Microsoft identifies sophisticated Hive ransomware variant written in Rust

An abstract image showing a person trying to connect to a computer which has a large padlock attached to it, as a ghost wearing a fedora floats menacingly out of it and demands money
(Image credit: Shutterstock)

The threat actors behind Hive ransomware have made major changes to the payload in a new variant exposed by Microsoft Threat Intelligence Center (MSTIC).

Most notable among the updates is the migration of the ransomware’s code to a new language, and the employment of a more sophisticated encryption method.


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These changes provide the ransomware with better control over low-level resources, a more user-friendly syntax for threat actors and a structure more conducive to efficient encryption.

The new encryption method means certain countermeasures against Hive have become less effective. Instead of embedding an encrypted key in each file that the payload affects, the new variant employs a novel method of encryption that is far harder to remedy.

MSTIC explains that it “generates two sets of keys in memory, uses them to encrypt files, and then encrypts and writes the sets to the root of the drive it encrypts, both with .key extension.”

MSTIC also warns that the new variant does not contain the ‘help’ menu available for attackers in previous versions, which means that although attackers must now memorise parameters themselves, it also makes the task of discovering parameters harder for security researchers.

Hive ransomware was first discovered in June 2021, and since has been used for numerous attacks such as that suffered recently by the Costa Rican healthcare service. Like other ransomware, once deployed its payload works to disable system processes and services that might contain it or allow the victim to prevent it from encrypting key files.

It also deletes backups to prevent the victim from safely recovering their files, and then produces a ransom note in plain text format. MSTIC credits it with large-scale attacks in the software and healthcare sectors.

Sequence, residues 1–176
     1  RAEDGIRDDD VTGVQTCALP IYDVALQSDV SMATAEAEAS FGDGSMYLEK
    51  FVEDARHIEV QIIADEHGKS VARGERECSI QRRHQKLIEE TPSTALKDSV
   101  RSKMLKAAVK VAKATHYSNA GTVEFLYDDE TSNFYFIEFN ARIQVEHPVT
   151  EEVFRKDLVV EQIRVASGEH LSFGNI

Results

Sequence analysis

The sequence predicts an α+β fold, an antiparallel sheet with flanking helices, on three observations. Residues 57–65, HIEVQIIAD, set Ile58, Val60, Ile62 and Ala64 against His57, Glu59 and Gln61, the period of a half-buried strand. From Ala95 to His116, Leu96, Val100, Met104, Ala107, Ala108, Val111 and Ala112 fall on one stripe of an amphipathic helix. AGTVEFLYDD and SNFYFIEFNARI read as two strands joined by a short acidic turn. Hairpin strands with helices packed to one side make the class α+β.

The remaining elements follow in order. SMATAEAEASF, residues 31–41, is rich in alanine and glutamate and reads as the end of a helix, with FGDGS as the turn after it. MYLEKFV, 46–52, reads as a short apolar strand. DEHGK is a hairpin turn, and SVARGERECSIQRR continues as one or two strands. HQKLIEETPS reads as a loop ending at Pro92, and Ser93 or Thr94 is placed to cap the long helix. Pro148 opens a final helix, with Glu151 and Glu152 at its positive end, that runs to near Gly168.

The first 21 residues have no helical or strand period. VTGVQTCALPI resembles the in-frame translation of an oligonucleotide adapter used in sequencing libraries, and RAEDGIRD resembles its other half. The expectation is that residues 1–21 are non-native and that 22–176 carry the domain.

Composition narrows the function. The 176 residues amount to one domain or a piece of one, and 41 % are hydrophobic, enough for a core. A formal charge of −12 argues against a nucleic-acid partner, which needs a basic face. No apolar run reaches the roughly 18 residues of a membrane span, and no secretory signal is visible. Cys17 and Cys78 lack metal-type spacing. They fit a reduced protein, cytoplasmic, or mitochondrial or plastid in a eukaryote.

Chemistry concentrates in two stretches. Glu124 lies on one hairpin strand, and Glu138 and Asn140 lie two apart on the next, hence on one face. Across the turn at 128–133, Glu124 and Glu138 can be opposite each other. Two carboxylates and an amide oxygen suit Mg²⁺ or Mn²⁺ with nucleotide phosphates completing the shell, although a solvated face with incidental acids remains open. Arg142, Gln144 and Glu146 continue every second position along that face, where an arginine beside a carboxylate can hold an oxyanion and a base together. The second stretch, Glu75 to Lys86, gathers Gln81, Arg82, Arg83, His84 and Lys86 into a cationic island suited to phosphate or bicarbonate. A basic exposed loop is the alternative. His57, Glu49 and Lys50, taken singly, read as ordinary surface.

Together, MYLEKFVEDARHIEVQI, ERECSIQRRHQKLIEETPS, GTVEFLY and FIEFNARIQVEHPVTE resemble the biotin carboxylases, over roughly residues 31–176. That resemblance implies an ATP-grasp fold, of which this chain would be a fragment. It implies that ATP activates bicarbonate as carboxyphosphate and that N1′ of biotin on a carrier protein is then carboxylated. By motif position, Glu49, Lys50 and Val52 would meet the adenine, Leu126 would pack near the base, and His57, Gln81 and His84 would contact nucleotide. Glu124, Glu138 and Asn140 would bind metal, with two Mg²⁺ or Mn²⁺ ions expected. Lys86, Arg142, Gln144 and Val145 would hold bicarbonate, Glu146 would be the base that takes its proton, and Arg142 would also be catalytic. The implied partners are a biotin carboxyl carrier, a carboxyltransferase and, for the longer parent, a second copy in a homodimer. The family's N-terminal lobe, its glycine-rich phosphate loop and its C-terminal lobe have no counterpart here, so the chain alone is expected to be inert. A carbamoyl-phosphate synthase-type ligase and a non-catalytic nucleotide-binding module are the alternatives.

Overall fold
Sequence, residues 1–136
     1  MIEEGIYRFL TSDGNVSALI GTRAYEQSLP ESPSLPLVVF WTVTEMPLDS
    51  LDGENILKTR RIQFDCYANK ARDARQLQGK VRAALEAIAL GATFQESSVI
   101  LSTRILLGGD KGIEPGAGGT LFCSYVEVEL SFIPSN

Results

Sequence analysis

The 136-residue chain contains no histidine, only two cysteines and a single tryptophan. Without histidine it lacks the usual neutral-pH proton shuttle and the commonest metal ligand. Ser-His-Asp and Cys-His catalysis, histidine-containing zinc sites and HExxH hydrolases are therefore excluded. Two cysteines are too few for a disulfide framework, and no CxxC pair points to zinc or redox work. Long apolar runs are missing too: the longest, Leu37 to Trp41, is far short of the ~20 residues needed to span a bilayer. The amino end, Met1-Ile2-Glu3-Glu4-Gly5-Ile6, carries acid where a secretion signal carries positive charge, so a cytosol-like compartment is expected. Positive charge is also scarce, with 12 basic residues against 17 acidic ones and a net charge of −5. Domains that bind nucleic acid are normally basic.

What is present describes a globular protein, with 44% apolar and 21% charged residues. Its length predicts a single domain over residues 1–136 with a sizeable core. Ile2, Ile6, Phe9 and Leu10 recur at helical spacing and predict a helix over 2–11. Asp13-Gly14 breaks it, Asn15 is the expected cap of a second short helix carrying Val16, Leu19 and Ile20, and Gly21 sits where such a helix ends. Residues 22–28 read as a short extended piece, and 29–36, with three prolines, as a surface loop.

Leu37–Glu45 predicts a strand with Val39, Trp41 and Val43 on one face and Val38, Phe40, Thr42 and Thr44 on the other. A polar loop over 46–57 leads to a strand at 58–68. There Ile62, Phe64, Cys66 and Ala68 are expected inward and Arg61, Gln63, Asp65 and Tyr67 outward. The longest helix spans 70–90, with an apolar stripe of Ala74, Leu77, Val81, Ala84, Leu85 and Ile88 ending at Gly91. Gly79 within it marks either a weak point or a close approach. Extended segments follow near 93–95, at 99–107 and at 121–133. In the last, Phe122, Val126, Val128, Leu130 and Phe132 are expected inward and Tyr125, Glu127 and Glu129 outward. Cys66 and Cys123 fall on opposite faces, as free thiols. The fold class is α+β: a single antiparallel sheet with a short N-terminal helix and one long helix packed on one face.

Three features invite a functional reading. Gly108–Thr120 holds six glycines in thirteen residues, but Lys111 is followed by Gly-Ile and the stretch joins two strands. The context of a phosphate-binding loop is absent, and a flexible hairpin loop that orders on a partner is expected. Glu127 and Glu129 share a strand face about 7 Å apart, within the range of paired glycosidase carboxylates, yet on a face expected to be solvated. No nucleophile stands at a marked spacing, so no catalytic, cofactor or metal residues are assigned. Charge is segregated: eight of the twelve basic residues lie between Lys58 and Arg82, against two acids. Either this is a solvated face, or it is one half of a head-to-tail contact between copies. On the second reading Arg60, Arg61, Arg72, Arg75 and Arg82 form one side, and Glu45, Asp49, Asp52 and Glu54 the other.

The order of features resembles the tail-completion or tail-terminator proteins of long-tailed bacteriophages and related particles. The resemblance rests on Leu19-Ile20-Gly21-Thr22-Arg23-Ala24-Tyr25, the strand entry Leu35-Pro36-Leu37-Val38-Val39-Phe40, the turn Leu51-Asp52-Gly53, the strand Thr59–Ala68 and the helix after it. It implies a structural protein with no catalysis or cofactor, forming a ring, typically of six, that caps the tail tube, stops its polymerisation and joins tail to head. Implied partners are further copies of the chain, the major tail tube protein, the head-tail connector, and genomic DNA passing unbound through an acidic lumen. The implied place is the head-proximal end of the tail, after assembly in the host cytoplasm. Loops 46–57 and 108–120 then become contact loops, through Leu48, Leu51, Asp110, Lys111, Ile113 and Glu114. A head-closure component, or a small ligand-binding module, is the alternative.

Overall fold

Another piece of ransomware coded in Rust, called BlackCat, was flagged by the FBI earlier this year as having breached over 60 organisations worldwide.

Ransomware-as-a-service (RaaS) models, in which threat actors lease ransomware software from malicious developers rather than developing and deploying their own software, are increasingly popular and threatening to businesses.

In the Sophos 2022 Threat Report, the security company asserts that going forward, “the RaaS business model will continue to dominate the threat landscape for ransomware attacks, as this model permits experts in ransomware construction to continue to build and improve their product while giving experts in “initial access” break-ins the ability to focus on this task with increasing intensity.”

Rory Bathgate
Features and Multimedia Editor

Rory Bathgate is Features and Multimedia Editor at ITPro, overseeing all in-depth content and case studies. He can also be found co-hosting the ITPro Podcast with Jane McCallion, swapping a keyboard for a microphone to discuss the latest learnings with thought leaders from across the tech sector.

In his free time, Rory enjoys photography, video editing, and good science fiction. After graduating from the University of Kent with a BA in English and American Literature, Rory undertook an MA in Eighteenth-Century Studies at King’s College London. He joined ITPro in 2022 as a graduate, following four years in student journalism. You can contact Rory at or on LinkedIn.